Automobiles and Other Vehicles

Transportation of passengers and materials requires a wide variety of motor vehicles, from the family passenger car to cross-country busses and motorhomes, as well as trucks ranging from pickups to tankers and box trucks. Semi tractors pull trailers hauling machinery, frozen foods and produce, lumber and steel, and liquids from milk to petroleum. In many cases, pumps provide vital support.

The motorhome a family owns or rents for its vacation may include both a water system pump and a waste pump to empty the holding tank. Cross country busses with lavatories also will have a water system that includes a pump. Tank trucks hauling liquids ranging from milk to petroleum are loaded and unloaded by pumps.

As for automobiles, most modern cars with direct injection have two fuel pumps (one regular and one high pressure), some have more. Then there is the windshield washer fluid pumps, some cars have multiple pumps (one for the windshield, one for the headlight washers).

All of these vehicles are fueled by gasoline or diesel fuel that is stored in underground tanks and pumped to dispensers at a service station. This requires either a submersible pump located in the station’s tank or a suction pump that removes air above the fuel and allows it to flow.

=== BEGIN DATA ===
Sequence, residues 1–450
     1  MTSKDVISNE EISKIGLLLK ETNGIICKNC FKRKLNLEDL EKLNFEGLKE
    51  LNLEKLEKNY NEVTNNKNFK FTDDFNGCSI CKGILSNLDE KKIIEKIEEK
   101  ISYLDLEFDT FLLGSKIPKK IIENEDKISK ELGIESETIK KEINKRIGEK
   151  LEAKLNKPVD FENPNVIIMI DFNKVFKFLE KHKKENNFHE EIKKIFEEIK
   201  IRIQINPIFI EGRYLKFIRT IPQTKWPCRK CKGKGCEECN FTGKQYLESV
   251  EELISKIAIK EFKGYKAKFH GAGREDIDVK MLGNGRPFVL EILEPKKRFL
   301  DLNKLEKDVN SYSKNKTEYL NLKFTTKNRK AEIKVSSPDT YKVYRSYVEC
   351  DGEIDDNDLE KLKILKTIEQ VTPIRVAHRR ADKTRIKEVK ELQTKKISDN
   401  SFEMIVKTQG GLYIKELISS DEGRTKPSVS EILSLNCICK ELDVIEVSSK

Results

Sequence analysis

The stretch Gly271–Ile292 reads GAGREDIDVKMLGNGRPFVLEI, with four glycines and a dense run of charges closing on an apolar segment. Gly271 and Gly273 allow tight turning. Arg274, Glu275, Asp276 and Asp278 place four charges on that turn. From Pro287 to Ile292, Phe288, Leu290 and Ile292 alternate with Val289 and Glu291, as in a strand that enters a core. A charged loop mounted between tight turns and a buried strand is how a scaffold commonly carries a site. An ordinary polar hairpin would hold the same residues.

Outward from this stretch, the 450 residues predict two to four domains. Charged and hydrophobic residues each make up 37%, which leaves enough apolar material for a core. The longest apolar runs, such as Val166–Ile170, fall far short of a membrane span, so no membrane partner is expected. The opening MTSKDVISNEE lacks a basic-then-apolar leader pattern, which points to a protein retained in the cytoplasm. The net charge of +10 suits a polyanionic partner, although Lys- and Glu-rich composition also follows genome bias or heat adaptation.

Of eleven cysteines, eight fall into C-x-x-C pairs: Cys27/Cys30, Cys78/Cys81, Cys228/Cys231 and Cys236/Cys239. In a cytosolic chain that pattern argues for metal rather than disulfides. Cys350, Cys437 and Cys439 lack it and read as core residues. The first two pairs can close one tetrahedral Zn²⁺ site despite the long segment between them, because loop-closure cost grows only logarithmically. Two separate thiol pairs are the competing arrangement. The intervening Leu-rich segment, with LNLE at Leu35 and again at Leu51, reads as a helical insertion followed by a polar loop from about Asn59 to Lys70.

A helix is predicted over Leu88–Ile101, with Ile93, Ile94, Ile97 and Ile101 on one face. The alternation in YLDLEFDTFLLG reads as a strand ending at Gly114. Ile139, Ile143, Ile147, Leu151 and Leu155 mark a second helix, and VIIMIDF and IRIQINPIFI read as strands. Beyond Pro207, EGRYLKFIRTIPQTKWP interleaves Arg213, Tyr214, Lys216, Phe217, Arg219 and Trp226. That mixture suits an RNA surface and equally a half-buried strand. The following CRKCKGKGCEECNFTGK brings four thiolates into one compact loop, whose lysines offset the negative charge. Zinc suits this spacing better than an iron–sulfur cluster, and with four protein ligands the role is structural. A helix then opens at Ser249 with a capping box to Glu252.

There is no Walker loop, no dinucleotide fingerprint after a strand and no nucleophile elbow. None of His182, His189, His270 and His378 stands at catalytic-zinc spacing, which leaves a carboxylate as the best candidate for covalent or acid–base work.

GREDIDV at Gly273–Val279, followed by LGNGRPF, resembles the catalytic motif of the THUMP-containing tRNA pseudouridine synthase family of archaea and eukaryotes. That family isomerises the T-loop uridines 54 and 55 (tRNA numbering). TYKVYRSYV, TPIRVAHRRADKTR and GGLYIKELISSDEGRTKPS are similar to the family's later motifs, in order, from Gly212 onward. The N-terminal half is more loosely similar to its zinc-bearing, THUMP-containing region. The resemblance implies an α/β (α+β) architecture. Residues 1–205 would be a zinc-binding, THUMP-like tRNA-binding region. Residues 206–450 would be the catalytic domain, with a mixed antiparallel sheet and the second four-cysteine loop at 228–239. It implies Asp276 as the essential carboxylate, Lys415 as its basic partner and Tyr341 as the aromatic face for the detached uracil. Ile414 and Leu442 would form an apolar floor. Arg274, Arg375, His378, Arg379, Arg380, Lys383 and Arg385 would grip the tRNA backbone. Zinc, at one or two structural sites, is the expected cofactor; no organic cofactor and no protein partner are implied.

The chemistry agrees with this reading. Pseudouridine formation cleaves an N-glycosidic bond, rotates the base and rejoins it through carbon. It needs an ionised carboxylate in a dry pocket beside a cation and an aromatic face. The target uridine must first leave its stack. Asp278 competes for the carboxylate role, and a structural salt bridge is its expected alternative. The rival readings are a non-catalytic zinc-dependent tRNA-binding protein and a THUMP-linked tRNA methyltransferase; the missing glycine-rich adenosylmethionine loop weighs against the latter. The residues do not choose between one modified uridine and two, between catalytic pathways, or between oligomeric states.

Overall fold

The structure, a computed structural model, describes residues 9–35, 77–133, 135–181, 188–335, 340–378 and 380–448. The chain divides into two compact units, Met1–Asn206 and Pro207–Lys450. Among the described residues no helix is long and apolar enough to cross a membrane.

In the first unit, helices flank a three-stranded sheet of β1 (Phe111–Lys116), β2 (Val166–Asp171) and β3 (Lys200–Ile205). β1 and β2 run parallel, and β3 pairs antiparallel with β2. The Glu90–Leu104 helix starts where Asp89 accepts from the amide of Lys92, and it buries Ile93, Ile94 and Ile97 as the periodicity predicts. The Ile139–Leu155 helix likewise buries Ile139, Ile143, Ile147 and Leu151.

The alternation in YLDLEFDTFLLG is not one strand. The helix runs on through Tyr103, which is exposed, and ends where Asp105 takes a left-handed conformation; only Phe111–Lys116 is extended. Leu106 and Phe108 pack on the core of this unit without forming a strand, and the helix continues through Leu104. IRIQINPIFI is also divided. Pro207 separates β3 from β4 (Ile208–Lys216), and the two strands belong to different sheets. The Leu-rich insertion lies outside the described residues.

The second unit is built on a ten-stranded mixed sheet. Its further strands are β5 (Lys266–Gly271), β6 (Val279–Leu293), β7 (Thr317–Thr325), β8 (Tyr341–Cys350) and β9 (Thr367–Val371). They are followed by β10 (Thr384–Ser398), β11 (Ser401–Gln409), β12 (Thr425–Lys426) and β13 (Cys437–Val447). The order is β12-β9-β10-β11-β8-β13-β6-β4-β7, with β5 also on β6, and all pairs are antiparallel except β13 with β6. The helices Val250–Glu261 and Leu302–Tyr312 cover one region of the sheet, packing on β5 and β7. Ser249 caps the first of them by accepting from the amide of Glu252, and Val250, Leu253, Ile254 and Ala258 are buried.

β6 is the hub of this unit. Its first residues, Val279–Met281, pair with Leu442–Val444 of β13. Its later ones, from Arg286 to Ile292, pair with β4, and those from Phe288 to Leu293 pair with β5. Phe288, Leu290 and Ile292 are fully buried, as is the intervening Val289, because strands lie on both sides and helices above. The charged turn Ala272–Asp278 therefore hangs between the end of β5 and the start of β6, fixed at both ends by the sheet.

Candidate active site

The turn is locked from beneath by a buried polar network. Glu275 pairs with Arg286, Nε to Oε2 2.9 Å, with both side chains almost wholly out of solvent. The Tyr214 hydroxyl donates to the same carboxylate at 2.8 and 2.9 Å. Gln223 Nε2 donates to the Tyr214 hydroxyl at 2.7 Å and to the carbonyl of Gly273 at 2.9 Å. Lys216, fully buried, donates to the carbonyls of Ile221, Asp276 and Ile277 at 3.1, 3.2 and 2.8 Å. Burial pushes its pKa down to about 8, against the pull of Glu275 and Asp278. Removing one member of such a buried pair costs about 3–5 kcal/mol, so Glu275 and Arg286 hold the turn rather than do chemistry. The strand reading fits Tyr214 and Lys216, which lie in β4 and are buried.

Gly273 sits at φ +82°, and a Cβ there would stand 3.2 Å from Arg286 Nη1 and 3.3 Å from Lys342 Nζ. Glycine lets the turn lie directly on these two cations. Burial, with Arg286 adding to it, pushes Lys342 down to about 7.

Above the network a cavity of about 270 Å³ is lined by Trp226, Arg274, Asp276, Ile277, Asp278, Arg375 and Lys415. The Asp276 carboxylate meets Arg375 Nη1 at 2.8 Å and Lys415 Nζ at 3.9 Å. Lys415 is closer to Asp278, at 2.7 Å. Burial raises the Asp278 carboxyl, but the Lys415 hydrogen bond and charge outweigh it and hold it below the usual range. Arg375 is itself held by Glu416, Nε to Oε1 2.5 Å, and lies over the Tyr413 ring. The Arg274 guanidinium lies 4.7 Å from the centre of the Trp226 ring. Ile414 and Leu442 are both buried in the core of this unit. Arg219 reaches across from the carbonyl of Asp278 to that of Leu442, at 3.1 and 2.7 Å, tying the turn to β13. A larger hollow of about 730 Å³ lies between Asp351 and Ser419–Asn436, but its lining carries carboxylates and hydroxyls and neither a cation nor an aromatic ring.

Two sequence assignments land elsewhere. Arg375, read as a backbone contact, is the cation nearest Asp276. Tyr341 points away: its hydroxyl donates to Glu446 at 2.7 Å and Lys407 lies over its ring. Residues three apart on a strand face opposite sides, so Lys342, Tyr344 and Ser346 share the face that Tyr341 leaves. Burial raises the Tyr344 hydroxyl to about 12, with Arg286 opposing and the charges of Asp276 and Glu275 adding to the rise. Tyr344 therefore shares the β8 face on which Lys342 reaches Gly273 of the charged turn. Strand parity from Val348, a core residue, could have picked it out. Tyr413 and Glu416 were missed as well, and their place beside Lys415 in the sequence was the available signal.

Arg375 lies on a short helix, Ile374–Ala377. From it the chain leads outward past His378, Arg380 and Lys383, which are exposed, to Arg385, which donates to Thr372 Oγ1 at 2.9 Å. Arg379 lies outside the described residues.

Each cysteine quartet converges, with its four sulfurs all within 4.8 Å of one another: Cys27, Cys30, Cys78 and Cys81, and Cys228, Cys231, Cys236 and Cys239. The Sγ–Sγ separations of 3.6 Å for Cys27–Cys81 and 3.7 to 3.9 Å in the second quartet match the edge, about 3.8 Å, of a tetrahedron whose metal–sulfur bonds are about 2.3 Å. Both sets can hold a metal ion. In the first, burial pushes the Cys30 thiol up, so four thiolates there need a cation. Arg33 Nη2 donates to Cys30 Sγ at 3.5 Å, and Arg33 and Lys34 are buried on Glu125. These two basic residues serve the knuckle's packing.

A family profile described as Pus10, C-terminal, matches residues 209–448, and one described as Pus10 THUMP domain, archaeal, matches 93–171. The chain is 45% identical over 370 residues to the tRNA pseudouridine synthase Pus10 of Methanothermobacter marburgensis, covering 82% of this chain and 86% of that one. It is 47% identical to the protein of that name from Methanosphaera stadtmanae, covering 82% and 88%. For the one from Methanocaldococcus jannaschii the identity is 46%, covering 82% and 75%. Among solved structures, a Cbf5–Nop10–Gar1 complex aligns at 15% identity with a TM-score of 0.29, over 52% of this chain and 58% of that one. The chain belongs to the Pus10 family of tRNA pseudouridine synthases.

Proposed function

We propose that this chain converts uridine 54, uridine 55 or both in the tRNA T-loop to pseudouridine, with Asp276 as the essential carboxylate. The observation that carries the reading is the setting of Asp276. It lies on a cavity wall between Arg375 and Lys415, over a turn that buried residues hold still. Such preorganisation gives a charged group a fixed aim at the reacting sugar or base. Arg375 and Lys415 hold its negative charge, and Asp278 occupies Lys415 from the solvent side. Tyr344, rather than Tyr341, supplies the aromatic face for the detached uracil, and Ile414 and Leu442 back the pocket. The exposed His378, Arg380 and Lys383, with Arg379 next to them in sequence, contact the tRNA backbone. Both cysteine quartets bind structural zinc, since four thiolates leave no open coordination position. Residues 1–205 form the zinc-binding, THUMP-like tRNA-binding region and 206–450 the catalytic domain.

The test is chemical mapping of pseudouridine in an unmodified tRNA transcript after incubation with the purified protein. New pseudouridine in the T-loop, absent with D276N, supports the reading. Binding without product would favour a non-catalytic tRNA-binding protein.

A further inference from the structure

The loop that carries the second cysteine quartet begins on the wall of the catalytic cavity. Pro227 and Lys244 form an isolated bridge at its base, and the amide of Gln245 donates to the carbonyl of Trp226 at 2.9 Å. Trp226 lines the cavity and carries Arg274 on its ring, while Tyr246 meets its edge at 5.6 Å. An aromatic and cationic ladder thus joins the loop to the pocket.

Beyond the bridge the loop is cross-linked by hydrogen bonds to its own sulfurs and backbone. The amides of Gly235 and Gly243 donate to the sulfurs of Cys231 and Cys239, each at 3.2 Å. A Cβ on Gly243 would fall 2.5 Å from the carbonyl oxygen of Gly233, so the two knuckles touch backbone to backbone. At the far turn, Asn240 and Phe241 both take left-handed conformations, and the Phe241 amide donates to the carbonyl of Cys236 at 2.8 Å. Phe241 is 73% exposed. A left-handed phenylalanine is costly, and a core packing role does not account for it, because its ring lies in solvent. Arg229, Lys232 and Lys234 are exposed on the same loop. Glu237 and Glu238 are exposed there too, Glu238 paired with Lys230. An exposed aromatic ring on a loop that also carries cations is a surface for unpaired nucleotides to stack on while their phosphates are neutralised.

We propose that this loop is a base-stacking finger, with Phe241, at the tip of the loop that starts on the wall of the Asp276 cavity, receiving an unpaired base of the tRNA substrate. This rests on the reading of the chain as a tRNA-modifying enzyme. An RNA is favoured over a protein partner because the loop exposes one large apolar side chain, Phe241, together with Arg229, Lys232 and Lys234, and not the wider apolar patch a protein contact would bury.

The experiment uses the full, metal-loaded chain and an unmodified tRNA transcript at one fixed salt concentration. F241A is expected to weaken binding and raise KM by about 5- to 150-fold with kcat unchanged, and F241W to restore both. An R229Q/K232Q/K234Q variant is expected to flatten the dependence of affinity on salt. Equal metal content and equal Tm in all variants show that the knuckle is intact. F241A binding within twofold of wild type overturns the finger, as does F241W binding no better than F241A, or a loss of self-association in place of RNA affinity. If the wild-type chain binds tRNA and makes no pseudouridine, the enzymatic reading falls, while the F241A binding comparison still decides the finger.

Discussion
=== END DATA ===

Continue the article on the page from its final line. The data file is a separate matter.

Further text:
Ships, Yachts and Boats

On the water, transportation takes many forms, from huge cargo and container ships to luxury yachts and even smaller pleasure boats used for travel on inland and coastal waters. All of the large commercial vessels will have pumps to supply water to their crew members for drinking, washing and showering, as well as the various needs of the galley. In addition to these needs, large passenger cruise ships and luxury yachts typically have pumps for swimming pools and other features. Even smaller pleasure boats with basic living accommodations will have a water pump and a bilge pump to drain water and wastes.

So, no matter where you go, how you get there and what things you may transport or have delivered to you, it’s certain that pumps have played a role in almost every step along the way.

Check out the other World Without Pumps!